FREAKY, BUT MUCH APPRECIATED BY SOME...
The past 2 months rainfall events have been few and far between, especially over the central Midwest and the heart of my viewing area. You can see how drought continues to expand below.
In Iowa nearly 70% of the state is abnormally dry with about 50% of Iowa in moderate to extreme drought.
Finally Wednesday night, a weak trough set up a band of narrow but very heavy rain that soaked some of the driest parts of southcentral and southeast Iowa. Wapello County near Ottumwa, hard hit by the drought saw amounts up to 7.00", 1 mile SSW of Davenport 6.53" was measured.
Notice on the graphic how narrow and abrupt the rain band was. Most of the 1-7" totals fell in a 50-60 mile swath from EC to SE Iowa. We got nothing here in Cedar Rapids and it's so dry the leaves are all falling off my trees.
The other big news has been the resurgence of warm weather. Fall officially starts at 3:02 PM Friday but it sure won't feel like it. Near record highs are expected in many parts of the Midwest this weekend. Thursday the high in Cedar Rapids tied the record of 93 set in 1920. What's even more interesting is that the 93 degree high was the warmest day of the year so far. It's very rare when your hottest day occurs September 21st!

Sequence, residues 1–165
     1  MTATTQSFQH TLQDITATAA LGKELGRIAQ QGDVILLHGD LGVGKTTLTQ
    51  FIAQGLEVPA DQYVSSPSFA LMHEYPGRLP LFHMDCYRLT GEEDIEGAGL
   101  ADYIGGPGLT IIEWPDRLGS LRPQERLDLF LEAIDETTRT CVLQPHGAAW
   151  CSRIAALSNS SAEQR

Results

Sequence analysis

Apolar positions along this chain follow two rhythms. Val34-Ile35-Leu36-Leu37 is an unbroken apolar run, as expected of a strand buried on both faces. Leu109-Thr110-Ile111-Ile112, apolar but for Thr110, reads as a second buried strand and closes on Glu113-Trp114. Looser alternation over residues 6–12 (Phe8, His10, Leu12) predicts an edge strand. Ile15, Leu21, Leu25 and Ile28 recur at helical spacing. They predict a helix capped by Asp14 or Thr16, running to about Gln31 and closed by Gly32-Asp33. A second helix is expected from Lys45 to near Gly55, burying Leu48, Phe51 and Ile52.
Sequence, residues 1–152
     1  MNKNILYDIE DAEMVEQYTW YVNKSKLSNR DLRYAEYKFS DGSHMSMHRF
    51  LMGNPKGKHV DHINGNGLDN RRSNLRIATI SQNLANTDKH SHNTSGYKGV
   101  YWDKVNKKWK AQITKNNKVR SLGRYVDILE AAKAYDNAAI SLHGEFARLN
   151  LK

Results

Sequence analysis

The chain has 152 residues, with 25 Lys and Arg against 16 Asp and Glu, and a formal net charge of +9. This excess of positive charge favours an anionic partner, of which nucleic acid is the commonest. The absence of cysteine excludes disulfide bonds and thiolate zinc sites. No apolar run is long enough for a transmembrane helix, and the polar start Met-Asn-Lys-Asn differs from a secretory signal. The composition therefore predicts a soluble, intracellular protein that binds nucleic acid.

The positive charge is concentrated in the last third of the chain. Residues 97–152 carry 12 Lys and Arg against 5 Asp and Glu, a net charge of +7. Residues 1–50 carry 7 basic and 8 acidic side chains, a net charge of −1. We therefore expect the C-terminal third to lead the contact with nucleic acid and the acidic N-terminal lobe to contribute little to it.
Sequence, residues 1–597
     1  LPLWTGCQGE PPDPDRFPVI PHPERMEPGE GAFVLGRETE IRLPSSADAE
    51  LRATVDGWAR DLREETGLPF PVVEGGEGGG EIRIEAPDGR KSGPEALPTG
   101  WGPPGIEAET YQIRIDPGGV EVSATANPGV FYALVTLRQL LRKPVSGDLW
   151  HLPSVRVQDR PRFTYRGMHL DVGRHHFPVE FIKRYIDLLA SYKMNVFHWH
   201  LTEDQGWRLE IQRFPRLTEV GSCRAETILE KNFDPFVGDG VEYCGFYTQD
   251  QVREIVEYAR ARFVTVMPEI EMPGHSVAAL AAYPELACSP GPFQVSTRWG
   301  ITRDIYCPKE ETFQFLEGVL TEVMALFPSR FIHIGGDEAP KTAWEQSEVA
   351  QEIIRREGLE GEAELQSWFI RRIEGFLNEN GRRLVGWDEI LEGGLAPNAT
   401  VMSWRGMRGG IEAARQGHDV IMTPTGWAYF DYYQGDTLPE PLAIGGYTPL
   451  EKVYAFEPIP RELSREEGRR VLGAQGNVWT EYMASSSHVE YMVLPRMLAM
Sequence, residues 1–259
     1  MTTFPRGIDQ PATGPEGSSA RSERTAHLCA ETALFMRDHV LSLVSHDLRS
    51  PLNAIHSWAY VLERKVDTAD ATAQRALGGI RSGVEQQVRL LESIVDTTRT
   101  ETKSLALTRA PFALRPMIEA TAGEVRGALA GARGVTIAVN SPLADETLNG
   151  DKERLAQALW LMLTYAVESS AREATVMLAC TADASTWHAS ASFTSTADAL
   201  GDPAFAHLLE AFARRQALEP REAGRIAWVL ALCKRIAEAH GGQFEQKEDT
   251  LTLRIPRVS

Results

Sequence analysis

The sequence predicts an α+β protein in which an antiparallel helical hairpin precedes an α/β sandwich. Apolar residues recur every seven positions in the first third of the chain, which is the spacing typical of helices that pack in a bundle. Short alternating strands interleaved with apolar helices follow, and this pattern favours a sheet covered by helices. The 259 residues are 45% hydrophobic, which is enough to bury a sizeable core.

Here's the highs the GFS is forecasting Friday, Saturday, and Sunday. It's going to be a toasty weekend.
Fortunately moisture levels will only be moderate as dew points remain in the mid to upper 60s. That's noticeable but not high enough to create heat index values more than 3-5 degrees above the actual temperatures.
The warmth will make a big push north and highs in the 90s will penetrate deep into Minnesota and Wisconsin. Here's the NWS weather story boards from several Midwest cities.
La Crosse, Wisconsin.
Quad Cities-Davenport, Iowa
St. Louis, Missouri
Getting back to the issue of rain, the storm track and primary forcing will stay well west of my area and for that reason the weekend will also be high and dry. Rain chances will go up Monday night or Tuesday when a strong front crosses the Midwest. Once it departs temperatures take a big hit and by next Wednesday highs will be 25 to 30 degrees cooler than today and well below normal. Ups and downs, that's what fall is all about in the Midwest. Roll weather...TS